Albanians in Ukraine

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Albanians in Ukraine
Main Albanian settlements in Ukraine
Total population
(3308[1] (2001) - ~5,000[2] (2008))
Regions with significant populations
Albanian (52.6%), Russian (35.7%)
Orthodox Christian and Catholic Christian
Part of a series on
Albanian culture
Albanian language

The Albanians in Ukraine (also known as Albantsi, Ukrainian: Албанці) are an ethnic minority group located mainly in Zaporizhia Oblast and Budjak. They descend from Albanian warriors who fought against the Ottoman Empire in the Russo-Turkish wars and were allowed to settle in the Russian Empire in the 18th century.


The historical community of Albanians in Ukraine call themselves ga tantë (from ours) and they speak a language si neve (like us).[3] Their ancestors came to Ukraine in the 18th and 19th centuries. Yet, they trace their ancestry to tosks Albanians (southern dialect) who in the 16th century settled in the eastern Bulgaria (Despotate of Dobruja) along with Gagauz people.[2] The arrival of the Albanians was connected to the Russo-Turkish War of 1768-1774. During this war some Orthodox Christian Albanians revolted against the power of the Ottoman Empire. After their rebellion initially failed many joined up with the Russian fleet which was on its Aegean Expedition. At the end of the war about 1,700 Albanian fighters and family members went to the Russian Empire. They settled primarily in the vicinity of Kerch and Yenikale.[citation needed] Some Albanian immigrants to the Russian Empire from Bulgaria settled primarily in the vicinity of Odessa and Budzhak.[3] In 1811 Albanians established their own settlement of Karakurt in Budzhak near the Bolhrad city.[3][2] After the Albanians in Odessa there are two streets Great Arnaut Street and Little Arnaut Street.[3] Due to defeat of Russia in the Crimean War, many Albanians moved to the east Ukraine in 1861 and resettled there.[3] It was not until the 20th century that the Albanians of Ukraine realized that there are Albanians.[3] At some point of time in Odessa existed the Albanian cultural center "Rilindja" (Renaissance).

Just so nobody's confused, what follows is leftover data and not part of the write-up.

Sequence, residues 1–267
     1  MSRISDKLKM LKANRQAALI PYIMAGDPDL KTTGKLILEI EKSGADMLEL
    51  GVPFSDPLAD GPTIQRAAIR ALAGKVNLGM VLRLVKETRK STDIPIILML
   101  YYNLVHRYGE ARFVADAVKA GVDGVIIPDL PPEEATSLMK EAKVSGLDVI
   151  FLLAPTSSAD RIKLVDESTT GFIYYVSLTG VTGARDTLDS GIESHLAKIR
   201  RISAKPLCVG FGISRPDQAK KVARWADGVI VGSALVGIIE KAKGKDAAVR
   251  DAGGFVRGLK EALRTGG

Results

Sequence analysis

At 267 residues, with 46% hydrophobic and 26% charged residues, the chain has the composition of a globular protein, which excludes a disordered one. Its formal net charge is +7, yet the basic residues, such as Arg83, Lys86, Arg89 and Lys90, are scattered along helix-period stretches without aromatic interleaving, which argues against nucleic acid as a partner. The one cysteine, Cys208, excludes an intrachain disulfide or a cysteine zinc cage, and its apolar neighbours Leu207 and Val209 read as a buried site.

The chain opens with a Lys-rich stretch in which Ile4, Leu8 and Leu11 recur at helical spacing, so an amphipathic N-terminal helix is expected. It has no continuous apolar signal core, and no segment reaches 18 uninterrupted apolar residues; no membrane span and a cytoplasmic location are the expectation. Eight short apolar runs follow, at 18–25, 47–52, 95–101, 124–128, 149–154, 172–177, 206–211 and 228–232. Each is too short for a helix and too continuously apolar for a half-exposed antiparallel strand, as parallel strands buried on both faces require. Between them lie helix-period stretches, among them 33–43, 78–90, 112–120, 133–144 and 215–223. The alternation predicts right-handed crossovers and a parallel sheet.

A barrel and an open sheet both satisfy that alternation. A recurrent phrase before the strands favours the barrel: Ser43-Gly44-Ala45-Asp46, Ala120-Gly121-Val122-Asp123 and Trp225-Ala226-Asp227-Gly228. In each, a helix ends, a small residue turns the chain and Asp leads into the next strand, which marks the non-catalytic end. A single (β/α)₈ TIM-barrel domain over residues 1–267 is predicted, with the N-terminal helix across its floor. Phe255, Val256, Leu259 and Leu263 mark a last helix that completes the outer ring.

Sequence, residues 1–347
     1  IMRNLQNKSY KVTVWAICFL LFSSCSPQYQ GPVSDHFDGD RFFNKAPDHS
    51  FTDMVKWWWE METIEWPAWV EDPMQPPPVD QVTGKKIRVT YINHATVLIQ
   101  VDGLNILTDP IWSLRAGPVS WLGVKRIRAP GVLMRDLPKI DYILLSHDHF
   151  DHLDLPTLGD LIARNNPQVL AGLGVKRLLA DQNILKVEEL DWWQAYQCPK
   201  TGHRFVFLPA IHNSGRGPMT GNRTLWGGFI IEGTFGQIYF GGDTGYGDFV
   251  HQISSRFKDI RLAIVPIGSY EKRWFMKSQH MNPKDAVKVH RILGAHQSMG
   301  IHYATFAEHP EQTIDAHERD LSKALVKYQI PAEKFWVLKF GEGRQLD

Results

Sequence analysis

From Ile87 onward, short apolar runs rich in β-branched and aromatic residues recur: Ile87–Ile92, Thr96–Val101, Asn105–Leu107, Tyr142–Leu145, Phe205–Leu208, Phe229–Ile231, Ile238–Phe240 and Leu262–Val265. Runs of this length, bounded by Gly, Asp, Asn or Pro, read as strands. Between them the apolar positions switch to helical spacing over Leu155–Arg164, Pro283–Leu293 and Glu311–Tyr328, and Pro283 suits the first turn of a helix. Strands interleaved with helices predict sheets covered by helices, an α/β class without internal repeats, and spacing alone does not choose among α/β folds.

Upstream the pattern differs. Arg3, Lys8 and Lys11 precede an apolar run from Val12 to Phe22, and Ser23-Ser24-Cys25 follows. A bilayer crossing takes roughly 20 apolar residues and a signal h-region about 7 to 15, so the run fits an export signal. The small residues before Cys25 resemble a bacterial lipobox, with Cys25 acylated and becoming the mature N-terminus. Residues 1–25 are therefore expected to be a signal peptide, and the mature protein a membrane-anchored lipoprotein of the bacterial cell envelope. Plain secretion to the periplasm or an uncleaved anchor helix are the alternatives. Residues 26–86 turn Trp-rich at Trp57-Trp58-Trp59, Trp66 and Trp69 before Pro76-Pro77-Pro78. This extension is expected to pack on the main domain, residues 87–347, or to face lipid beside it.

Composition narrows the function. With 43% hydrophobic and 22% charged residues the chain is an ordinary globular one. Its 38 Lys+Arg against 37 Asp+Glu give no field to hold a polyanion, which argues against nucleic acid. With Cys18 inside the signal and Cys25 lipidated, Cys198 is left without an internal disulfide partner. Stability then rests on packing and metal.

Albanian studies in the Soviet Union and Russia

The first who studied the Albanians in Ukraine since 1914 was a Soviet philologist (Slavic studies) and historian Nikolai Derzhavin[2] who born on the territory of modern Zaporizhia Oblast (at the time Taurida Governorate). In 1930 he published his monograph in Russian language "Albanians in the Ukraine". After the World War II, the major study on Albanians of the Southern Ukraine was conducted by the academician of the Russian Academy of Sciences Yulia Ivanova.[2] In 1957 with help of the academician Agnia Desnitskaya at the Saint Petersburg State University was opened the Department of Albanian language.[2] Alas, in the modern Ukraine Albanian studies are not being conducted.[2]

Geography and demographics


By the late 20th Century, only a few years before the fall of the USSR the Albanian of Ukraine were mainly concentrated in Zaporizhia Oblast:[citation needed] Geandran, today (Hannivka), Taz (today Divninske) and Tuiushki (today Heorhiivka). There is also an Albanian village in Budjak: Caracurt (Karakurti in Albanian, Caracurt in Romanian, Karakurt / Каракурт in Ukrainian and since 1947 Zhovtneve / Жовтневе).


In 1958 they numbered 5,258 in the entire Soviet Union. Their number had fallen to 4,402 by 1970.

Notable Albanians


  • In Odessa there is a street called Mala Arnautska (literally Small Albanian Street).



  • Wixman, Ronald. The Peoples of the USSR: An Ethnographic Handbook. (Armonk, New York: M. E. Sharpe, Inc, 1984) p. 8
  • Olson, James S., An Ethnohistorical Dictionary of the Russian and Soviet Empires. (Westport: Greenwood Press, 1994) p. 28-29

External sources